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Preconception and Women’s Healthcare: An Interview with Dr. Michael Lu (Part Four)

[Editor's note:  This is the fourth part of an interview series between Science & Sensibility's Walker Karraa, and OBGYN Dr. Michael Lu.  To read the interview from the beginning, go here.  For a list of resources pertaining to this interview series, go here: resources and bibliography_dr lu interview series.]

 

 

Sacred Trust of 24/7

 

Walker Karraa: Do you use doulas, or do a lot of your patients use doulas?

 

Dr. Lu: I do, oh absolutely.

 

Walker Karraa: How is that?

 

Dr. Lu: It’s been good.  I think it’s been real good.  Usually my patients just mention they have doula and I usually say great and I see them on labor and delivery.  In some instances they alleviate some of my guilt for not being at the bedside.

 

Walker Karraa: Is that hard?

 

Dr. Lu: Yeah. I had a patient that came in Easter Sunday.  My own family was going to do an egg hunt.  We had hidden the eggs and everything–but she was a VBAC patient.   When I came in to check on her she was still maybe around five centimeters or so.  I didn’t know how fast she was going to go.  And then I was torn.  Should I stay because she’s a VBAC?  I knew I should stay, but on the other hand, my two daughters, ages eight and five, they’ve been waiting for this Easter egg hunt.  It’s an important moment.  A precious moment and I wanted to be home.  But on the other hand I know the success of that VBAC very much depends on support.

 

Walker Karraa: Did she have a doula?

 

Dr. Lu: No she didn’t have a doula.  And so I ended up going home.  The whole time I was feeling extraordinarily guilty.  She forgave me; I mean she understood.  But you know that this is not optimal care. I knew in my heart it wasn’t optimal care.  The way the current system is designed, you’re on call 24/7 for your patients.  That’s something that I haven’t reconciled because I know that there’s something sacred about that bond with your patient.  The way it’s actually set up, you’re coming in at 3:00 in the morning, and you’re distracted.  Or if you have another meeting that you have to go to, or if you have an office full of patients that are getting frustrated because you are in delivery–this might actually start to create these sort of instances for you to do the things that may not be in the patient’s best interest, such as talking them in to do a scheduled c-section instead of VBAC so that you can actually free up your schedule–so you wouldn’t be called in on Easter Sunday!

 

Walker Karraa: But the intention is not malice.

 

Dr. Lu: No it’s not malice; that’s why I keep saying it’s not just an individual problem.  It’s a system flaw.  It’s not just about asking the individual OB to work harder, but it’s asking the system to work smarter.  So this is where the teamwork approach actually comes into play.  I think doulas are much better trained in terms of providing support during labor than obstetricians are.  Most of us didn’t sign up to stay by the bed side.  We signed up for obstetrics.  You know that obstetrics is actually a surgical specialty? OBs are trained to screen for disease, to treat complications, etc.  They’re not really trained to provide nurture and support.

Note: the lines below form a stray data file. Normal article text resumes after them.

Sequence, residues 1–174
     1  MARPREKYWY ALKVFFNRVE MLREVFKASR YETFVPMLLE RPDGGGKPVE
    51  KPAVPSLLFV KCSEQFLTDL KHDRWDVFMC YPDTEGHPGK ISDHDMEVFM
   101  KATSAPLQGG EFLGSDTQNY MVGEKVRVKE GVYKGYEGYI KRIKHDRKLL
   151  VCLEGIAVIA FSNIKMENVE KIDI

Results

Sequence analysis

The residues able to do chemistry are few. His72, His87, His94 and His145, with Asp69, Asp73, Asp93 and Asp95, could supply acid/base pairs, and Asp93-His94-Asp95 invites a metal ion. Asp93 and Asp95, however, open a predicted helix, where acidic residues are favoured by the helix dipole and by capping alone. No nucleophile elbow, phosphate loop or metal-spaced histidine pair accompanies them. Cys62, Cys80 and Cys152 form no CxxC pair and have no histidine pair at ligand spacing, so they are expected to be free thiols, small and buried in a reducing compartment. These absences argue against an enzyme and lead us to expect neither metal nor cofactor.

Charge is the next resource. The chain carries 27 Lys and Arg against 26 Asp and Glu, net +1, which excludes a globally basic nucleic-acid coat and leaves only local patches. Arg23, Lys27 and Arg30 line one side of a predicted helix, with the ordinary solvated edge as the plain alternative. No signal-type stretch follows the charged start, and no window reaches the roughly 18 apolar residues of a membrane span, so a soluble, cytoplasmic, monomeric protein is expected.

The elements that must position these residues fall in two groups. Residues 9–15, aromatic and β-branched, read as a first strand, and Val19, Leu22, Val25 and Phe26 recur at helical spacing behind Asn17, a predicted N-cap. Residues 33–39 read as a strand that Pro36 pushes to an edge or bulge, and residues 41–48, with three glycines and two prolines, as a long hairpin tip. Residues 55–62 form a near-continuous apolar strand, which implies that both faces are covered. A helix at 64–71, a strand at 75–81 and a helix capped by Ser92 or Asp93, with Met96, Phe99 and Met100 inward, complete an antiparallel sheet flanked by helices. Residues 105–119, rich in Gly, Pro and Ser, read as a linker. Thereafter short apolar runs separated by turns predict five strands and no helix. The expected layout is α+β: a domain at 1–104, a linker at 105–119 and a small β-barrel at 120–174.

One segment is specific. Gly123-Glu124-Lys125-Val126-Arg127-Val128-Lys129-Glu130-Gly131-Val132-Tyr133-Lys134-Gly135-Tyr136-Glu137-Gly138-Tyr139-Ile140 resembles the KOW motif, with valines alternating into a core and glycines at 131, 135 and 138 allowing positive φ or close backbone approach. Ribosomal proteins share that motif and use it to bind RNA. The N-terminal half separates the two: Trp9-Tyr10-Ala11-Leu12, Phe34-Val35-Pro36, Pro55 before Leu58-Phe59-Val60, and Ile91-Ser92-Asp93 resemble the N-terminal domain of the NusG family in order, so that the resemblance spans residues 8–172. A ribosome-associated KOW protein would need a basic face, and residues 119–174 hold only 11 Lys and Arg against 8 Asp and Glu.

And by the way, we had an in-house attending OB, and with my VBAC patient on Easter…

 

Walker Karraa: Let me guess, the mom said no way?

 

Dr. Lu:  Well I couldn’t even say, “I’m passing you off to the attendee.”  The attendee could have easily supported her labor and delivery–just somehow the expectation was that no, you don’t pass her off to just the on-call attendee.  That’s your patient.  She’s under your watch.

 

Walker Karraa: That’s a lot of pressure.

 

Dr. Lu: It is a lot of pressure and that’s why I think sometimes people are increasingly critical of the doctor’s role, like the increase in caesarean, etc.  But that’s what the system has set them up for.  I still believe that most OBs are driven for the right reasons.  They really want the best outcomes for moms and babies but sometimes they’re just pretty ill-equipped to deliver that.  That’s where I think it’d be great to get some conversation going in our field, in our world.  We’re all united for one common purpose, how do we do that better?

 

Walker Karraa: You talked about the sacred trust of 24/7 between patient and doctor.  I wonder if somehow that is the same sacred trust that leads women to agreeing to a c-section?